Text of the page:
Where to hunt Hare
Different varieties of this rodent can be found almost all over the world. They tend to be more tolerant to low temperatures than rabbits, and their large ears work great for thermal regulation in the hottest climates. Where hares never existed, like in New Zealand, they were introduced by humans, but wherever you find them, you will find them an object of an interesting small game hunt. Indigenous hares are readily found throughout sub Saharan Africa.
Hares are often included in a package along with other animals, like Rusa deer in Madagascar, hogs in New Zealand, and roe deer in Russia, to name just a few. In such a case the more expensive animals determine the price. True and affordable small game hunting opportunities start at about $200-$300 a hunter a day, while packages may go way beyond this.
When to hunt Hare?
Exotic locations, such as Mauritius, New Zealand and South Africa, offer hare hunting all year round. In the native range the hare season usually starts at September or October, and may run until January or February. The best time for hunting is in most cases on the break of autumn and winter, when the hares are in prime condition (in winter coat and with a lot of fat stored for winter), while bare woods and/or light snow make finding them easier.
Hunting methods All hunting methods (11)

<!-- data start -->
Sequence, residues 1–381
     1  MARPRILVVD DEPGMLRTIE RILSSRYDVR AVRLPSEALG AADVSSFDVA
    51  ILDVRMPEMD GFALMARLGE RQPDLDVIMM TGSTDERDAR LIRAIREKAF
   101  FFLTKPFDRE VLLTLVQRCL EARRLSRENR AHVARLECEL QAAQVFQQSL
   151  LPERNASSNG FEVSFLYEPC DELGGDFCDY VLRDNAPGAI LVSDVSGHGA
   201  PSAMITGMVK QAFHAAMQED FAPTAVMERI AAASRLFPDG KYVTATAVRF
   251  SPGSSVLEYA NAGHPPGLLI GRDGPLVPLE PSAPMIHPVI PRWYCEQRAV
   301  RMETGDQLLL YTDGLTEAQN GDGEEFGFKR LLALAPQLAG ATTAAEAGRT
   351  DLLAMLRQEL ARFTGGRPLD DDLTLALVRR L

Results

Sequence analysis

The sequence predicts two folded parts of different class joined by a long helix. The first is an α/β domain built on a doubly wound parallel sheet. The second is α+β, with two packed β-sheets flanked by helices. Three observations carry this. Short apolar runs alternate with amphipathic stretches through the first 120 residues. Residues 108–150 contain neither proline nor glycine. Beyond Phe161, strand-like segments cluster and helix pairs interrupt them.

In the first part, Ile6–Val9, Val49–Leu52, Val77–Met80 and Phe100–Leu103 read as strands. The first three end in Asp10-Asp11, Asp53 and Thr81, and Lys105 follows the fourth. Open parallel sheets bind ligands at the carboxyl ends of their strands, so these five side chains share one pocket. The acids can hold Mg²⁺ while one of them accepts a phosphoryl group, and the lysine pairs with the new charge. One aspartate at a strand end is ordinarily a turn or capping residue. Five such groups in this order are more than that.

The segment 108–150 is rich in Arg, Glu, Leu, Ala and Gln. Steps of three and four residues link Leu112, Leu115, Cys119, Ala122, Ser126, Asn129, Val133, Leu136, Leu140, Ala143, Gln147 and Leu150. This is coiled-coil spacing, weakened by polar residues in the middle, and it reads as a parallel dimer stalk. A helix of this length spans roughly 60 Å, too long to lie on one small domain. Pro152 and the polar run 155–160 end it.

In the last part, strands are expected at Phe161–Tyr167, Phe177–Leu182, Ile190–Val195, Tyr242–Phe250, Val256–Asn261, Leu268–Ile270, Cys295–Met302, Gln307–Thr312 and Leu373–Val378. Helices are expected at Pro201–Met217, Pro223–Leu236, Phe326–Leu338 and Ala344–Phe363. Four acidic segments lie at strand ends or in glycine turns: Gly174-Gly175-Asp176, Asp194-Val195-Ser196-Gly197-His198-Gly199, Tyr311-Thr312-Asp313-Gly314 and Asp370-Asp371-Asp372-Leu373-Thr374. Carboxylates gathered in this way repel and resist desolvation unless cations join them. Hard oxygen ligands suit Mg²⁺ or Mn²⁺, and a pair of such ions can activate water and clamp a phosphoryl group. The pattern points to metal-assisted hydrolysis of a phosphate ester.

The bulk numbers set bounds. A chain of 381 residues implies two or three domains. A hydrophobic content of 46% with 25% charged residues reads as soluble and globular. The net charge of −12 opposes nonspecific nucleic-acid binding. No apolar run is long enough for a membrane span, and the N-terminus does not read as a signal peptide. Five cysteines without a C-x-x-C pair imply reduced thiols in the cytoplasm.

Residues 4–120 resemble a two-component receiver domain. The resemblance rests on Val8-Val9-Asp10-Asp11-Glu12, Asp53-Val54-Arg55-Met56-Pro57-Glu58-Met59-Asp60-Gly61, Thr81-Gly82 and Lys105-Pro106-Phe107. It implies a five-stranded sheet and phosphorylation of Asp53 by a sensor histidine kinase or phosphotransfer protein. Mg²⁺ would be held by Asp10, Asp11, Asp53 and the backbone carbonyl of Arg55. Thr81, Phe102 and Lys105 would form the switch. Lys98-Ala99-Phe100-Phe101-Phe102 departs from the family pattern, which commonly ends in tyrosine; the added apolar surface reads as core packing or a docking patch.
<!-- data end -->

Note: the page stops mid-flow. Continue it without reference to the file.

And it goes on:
Humans have invented many ways to hunt this tasty and quickly multiplying animal. Before firearms were invented, hares were taken by coursing with sight hounds, sometimes accompanied by scent hounds to drive the animals into the open. You can even find such hunts on BookYourHunt.com. Today hares are mostly hunted with a shotgun or small bore rifle. The hunt can be over scent hounds, by tracking through the snow, stalking, driving, or simply walking them up without dogs.
Why hunt Hare?
A hare may have up to four litters a year, and large numbers of them can be very irritating to farmers. Add to this a couple of pounds of good eating, and a light if not very durable fur, and you can easily see why farmers and landowners of all lands pursued hares with zeal. Hares are what many a young hunter in the old days honed their skills on before graduating to big game; tracking through the snow in particular is invaluable as a tool for learning the art of finding animals by their spoor. Few people would travel long distance solely for the sake of a hare hunt, but if you find yourself in an area where they abound, don’t deny yourself the pleasure of diversifying your hunting experience and bagging a few hares of the local variety.
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